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Conventional ultrasound, color Doppler, TI-RADS, and shear wave elastography for thyroid nodule differentiation: a study of efficacy compared with the histopathology results
Egyptian Journal of Radiology and Nuclear Medicine volume 52, Article number: 103 (2021)
Although a minority of the thyroid nodules is malignant, usually the invasive diagnostic procedures are warranted. This prospective study aims to assess the diagnostic performance of the US criteria in addition to the TI-RADS score and the SWE for the differentiation between the benign and malignant thyroid nodules as a potential surrogate for the invasive procedures.
Ninety-nine patients with thyroid nodules (79 females and 20 males, with a mean age of 45.9 ± 7.7 years; 30–69 years) were enrolled in this study and underwent conventional ultrasound, color Doppler, TI-RADS scoring, and shear wave elastography (SWE); the findings were correlated to the histopathological results.
Our results revealed a significant increase in SWE elasticity indices (EIs) and presence of color Doppler signals in malignant nodules as compared with the benign ones (ρ < 0.05). Combined TI-RADS and SWE as well as TI-RADS and color Doppler imaging had given a better sensitivity for detection of malignancy.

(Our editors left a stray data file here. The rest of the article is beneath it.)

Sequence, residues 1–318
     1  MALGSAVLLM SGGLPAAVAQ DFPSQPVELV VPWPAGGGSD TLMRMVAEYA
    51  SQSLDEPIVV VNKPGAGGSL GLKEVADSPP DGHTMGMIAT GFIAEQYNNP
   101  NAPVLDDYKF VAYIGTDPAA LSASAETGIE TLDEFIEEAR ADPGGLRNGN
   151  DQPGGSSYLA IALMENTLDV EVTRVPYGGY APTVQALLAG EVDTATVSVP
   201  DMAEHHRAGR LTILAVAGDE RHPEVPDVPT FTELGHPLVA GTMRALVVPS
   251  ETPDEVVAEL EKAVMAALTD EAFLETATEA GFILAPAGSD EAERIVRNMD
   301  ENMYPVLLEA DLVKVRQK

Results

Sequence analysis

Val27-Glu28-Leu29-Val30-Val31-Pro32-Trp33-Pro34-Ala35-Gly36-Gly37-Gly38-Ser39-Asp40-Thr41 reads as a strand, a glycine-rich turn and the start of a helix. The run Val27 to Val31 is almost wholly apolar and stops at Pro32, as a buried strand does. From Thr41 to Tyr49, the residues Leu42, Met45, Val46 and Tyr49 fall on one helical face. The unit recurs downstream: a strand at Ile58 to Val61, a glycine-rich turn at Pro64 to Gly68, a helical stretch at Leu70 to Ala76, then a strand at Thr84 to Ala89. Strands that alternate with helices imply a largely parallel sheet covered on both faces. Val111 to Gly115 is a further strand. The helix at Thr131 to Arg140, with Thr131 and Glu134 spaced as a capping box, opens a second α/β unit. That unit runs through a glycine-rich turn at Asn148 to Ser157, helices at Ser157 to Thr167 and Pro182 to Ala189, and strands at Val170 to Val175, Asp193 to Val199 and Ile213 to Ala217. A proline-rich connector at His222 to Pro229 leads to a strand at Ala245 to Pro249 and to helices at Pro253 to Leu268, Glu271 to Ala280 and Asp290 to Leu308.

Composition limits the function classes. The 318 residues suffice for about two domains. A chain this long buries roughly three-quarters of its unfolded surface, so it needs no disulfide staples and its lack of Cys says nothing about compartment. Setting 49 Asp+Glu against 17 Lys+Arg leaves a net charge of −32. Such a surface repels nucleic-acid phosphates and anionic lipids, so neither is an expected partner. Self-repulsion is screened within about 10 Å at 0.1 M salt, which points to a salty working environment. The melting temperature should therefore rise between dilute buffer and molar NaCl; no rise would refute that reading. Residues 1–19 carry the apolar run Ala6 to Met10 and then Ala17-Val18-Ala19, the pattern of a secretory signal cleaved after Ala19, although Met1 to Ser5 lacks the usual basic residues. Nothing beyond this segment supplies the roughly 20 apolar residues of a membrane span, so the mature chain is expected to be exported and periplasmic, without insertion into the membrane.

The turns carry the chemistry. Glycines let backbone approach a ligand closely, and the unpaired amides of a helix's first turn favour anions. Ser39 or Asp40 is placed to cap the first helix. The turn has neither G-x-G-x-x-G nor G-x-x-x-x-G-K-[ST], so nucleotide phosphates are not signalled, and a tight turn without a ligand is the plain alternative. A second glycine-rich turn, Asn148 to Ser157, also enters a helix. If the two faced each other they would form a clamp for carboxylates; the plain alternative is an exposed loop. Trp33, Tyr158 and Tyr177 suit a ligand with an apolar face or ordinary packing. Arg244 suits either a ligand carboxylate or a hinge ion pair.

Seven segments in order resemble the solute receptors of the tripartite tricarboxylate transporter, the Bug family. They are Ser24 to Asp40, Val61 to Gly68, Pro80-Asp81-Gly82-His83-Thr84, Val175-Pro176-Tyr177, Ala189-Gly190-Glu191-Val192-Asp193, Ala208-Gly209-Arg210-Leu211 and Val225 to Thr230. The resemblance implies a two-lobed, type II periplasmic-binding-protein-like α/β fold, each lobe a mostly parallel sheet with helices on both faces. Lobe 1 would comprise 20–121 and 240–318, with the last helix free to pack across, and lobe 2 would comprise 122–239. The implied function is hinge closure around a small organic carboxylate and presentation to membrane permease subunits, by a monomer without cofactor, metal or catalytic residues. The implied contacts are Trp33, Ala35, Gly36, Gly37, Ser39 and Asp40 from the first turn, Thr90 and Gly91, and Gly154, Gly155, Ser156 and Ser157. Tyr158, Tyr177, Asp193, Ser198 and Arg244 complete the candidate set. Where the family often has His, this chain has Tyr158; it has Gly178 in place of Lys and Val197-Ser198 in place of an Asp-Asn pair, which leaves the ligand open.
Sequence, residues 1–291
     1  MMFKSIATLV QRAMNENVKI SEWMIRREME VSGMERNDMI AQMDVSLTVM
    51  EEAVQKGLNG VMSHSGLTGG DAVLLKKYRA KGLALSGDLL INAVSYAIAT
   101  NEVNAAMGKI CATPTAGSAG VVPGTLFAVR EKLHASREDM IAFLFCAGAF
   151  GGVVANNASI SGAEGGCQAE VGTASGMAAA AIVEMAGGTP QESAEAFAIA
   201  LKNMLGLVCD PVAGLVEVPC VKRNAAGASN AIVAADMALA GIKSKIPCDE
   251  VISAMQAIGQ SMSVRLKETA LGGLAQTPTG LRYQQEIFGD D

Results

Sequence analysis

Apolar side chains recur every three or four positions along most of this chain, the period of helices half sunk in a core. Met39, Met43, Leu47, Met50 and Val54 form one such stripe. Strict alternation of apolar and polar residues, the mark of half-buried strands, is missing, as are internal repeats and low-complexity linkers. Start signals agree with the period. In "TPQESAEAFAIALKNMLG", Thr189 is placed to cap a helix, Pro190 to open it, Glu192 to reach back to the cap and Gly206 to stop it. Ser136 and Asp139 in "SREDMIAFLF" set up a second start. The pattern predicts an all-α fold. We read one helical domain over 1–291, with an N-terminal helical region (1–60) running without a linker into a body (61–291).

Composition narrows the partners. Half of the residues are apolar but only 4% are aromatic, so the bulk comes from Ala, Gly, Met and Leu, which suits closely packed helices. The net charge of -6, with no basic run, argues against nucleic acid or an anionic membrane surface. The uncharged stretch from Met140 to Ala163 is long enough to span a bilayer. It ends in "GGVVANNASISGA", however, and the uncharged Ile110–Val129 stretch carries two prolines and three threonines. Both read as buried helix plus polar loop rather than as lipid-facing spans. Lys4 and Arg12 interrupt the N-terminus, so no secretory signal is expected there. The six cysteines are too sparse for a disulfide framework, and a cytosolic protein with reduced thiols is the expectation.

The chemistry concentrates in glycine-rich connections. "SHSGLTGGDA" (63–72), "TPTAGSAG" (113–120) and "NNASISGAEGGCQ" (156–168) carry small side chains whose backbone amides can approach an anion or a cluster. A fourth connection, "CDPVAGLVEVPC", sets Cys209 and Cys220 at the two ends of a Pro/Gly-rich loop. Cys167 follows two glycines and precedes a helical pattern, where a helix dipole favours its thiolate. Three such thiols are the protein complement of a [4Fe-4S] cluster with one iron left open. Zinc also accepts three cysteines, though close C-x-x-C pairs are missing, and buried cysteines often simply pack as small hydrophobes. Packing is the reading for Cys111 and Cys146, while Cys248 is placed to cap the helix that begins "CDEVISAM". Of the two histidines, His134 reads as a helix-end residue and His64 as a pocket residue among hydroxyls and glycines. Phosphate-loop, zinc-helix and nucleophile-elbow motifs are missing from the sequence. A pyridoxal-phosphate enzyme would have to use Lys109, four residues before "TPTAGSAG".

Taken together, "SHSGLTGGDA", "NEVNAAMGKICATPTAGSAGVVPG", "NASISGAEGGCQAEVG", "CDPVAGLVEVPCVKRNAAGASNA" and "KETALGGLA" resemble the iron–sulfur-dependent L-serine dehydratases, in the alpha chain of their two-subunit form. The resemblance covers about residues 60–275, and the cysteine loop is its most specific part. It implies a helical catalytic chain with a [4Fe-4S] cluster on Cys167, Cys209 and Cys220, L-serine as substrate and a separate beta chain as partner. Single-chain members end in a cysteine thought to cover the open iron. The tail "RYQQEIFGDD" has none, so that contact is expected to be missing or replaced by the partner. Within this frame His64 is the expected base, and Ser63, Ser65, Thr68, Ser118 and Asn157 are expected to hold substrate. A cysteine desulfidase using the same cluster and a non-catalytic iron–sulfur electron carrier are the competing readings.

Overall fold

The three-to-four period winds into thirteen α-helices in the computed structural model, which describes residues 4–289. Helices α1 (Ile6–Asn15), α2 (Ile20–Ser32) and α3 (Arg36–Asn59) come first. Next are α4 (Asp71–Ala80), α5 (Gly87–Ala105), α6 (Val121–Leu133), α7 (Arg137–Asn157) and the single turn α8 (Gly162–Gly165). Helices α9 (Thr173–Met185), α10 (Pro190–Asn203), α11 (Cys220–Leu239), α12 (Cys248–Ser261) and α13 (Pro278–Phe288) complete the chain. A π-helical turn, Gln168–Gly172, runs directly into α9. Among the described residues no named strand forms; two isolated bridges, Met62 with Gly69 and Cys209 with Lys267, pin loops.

Elasticity indices had shown a significantly high diagnostic performance that is almost approaching the histopathological results. Combined SWE, color Doppler and TI-RADS, as a sum of findings, could effectively differentiate between benign and malignant thyroid nodules. Furthermore, it had offered a non-invasive tool for accurate risk stratification of malignant nodules.
Thyroid nodules are commonly encountered clinical and radiological findings in the clinical practice; however, only minorities (less than 5%) of them are truly malignant and need further evaluation [1,2,3,4,5].
In the past, the assessment of the thyroid nodules used to be done by clinical examination, ultrasound, and radioisotopic scanning. Nonetheless, the cytological assessment by either fine-needle aspiration cytology (FNAC) or biopsy is often needed to preclude malignancy [3, 4].
The clinical examination per se cannot give a final diagnosis and usually, the US examination is requested; thus, some ultrasound criteria were employed for categorization of the suspicious nodules. A scoring system known as thyroid imaging reporting and data system (TI-RADS) has been validated, widely used, and updated in this regard [3, 5, 6].
Elastography has been added as an ultrasound-based technique including the strain and the shear wave elastography (SWE) for getting an objective assessment of the tissue stiffness in organs like the liver and the breast lesions; nevertheless; the diagnostic accuracy of the thyroid elastography in malignancy detection is still controversial in the literature [5, 6].
Recently, functional imaging like diffusion-weighted MRI (DW-MRI) has been investigated for assessing thyroid malignancies as well as their recurrences, and it had reported fairly good results, but MRI has some limitations being contraindicated in claustrophobic patients and those with cardiac pacemakers; moreover, it is more expensive compared with the US [7, 8].